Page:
A warmer summer in 2015 heated power utilities’ earnings but were slightly offset by a stronger dollar in the third quarter, ratings service Fitch reported.
On average, third-quarter earnings grew 5 percent year over year for the U.S. utilities, gas and power sector. The driving factors included warmer weather, higher margins from base rate increases and load growth, according to Fitch.
Duke Energy, for instance, indicated that warmer weather within its system was worth about 9 cents per share in earnings, according to its third-quarter report. The company indicated that 2015 was the first above-normal summer weather since 2012.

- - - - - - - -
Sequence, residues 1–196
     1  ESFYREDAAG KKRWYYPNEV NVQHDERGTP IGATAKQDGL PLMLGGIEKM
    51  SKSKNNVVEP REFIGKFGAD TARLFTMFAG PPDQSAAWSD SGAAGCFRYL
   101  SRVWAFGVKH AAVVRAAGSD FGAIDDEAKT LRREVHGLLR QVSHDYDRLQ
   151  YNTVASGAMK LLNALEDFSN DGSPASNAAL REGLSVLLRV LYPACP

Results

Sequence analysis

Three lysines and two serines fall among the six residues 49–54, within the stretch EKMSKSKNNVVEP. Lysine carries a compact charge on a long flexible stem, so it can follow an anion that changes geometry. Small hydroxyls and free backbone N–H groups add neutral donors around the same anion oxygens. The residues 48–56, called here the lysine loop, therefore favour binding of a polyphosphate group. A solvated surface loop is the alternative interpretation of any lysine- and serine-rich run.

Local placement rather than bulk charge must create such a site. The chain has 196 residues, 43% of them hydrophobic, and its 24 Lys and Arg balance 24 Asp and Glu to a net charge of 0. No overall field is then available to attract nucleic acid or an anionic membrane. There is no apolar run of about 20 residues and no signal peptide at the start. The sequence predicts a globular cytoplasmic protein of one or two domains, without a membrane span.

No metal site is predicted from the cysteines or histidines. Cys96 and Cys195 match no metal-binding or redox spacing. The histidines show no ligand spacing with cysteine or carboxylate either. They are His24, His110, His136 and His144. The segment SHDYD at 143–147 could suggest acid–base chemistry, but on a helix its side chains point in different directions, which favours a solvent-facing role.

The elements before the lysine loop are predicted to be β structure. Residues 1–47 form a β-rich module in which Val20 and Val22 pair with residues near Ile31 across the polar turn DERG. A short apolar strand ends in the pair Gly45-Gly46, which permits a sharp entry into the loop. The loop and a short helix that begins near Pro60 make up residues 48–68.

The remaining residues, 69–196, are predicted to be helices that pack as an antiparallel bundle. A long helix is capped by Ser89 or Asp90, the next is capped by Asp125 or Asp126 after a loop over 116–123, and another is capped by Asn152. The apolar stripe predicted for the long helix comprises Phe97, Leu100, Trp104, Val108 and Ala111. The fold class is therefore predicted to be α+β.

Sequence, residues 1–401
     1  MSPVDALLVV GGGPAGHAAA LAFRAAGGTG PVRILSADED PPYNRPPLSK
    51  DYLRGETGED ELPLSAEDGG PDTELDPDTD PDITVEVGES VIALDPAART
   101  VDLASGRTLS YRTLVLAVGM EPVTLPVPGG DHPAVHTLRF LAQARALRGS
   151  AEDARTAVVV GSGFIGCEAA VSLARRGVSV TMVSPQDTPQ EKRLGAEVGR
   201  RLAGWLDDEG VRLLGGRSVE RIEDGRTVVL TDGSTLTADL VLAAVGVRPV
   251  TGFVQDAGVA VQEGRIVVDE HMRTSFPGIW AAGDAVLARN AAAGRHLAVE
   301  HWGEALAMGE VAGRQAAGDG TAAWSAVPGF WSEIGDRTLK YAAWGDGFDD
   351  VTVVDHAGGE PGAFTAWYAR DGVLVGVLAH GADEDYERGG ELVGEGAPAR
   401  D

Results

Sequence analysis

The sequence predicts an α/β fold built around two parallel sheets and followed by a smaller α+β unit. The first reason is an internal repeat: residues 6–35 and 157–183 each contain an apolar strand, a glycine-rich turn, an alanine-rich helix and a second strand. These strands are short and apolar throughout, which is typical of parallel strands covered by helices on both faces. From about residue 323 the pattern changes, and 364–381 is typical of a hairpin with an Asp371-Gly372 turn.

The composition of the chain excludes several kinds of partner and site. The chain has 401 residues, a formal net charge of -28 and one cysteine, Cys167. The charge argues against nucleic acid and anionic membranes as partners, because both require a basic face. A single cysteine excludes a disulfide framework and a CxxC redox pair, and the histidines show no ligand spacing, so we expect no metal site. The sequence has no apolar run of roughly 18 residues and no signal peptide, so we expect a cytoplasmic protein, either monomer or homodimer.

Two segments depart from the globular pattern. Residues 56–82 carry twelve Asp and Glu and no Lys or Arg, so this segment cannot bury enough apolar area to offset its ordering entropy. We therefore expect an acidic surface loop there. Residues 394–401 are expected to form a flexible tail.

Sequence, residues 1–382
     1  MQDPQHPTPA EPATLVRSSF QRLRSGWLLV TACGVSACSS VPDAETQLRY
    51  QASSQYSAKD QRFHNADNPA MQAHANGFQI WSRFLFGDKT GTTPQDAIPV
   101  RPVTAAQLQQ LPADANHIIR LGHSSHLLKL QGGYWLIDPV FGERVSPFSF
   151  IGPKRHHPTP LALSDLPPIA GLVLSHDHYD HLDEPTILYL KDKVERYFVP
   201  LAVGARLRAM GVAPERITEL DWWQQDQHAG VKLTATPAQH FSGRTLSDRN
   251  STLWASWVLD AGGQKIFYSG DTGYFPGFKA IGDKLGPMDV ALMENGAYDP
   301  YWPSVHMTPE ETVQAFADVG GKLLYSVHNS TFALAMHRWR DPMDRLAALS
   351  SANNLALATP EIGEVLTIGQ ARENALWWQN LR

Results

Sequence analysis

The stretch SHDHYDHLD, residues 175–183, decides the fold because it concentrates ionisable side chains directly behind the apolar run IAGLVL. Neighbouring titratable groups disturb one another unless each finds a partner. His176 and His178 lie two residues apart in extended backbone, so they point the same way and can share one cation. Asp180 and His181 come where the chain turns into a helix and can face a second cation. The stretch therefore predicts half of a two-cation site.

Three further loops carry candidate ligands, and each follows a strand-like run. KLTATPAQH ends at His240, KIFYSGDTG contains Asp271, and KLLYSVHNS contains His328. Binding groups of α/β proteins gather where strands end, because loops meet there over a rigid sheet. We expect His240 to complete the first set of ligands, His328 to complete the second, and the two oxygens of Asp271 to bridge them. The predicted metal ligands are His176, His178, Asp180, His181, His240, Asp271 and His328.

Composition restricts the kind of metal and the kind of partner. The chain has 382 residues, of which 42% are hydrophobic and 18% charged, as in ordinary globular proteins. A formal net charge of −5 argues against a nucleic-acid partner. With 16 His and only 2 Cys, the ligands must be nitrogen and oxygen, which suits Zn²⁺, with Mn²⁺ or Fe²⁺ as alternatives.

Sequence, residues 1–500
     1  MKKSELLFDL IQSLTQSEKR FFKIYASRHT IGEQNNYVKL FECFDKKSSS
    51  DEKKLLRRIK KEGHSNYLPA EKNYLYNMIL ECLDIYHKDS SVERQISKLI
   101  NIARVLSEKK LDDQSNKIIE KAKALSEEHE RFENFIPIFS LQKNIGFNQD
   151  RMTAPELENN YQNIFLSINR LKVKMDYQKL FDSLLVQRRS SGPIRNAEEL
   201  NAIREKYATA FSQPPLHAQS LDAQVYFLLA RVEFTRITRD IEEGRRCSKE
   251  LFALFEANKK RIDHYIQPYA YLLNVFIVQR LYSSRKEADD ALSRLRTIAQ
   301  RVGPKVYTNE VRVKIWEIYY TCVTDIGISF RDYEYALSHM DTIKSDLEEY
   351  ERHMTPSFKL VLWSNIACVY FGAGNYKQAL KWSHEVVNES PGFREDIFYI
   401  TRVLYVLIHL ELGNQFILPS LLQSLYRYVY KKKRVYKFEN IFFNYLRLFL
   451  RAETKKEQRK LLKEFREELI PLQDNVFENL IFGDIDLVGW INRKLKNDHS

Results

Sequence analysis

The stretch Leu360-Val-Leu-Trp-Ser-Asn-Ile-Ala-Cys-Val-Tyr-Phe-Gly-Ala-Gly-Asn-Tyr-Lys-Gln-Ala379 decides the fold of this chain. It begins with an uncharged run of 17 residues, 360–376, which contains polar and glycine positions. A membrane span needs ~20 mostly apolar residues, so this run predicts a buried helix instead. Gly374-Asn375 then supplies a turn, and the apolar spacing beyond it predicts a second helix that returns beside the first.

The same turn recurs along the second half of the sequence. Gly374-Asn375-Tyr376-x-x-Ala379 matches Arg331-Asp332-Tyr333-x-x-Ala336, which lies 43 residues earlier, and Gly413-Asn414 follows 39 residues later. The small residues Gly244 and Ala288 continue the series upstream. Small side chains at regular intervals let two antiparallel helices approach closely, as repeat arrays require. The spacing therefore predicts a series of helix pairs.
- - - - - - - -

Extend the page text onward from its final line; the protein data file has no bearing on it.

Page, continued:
Those utility holding companies listed in the Fitch report which provided preliminary 2016 guidance showed an average 3.3 percent increase in mid-point EPS. NextEra Energy, for instance, expects to generate $5.75 to $6.25 in EPS next year.
A strong dollar hampered utilities which have international operations, according to Fitch. AES lowered its 2016-2018 adjusted EPS expectations due to devaluation in foreign currencies and higher interest rates in Brazil, among other factors.
Sempra’s 3Q earnings fell 40 cents per diluted share, although its South American units gained $11 million on higher operating earnings and lower income-tax expense.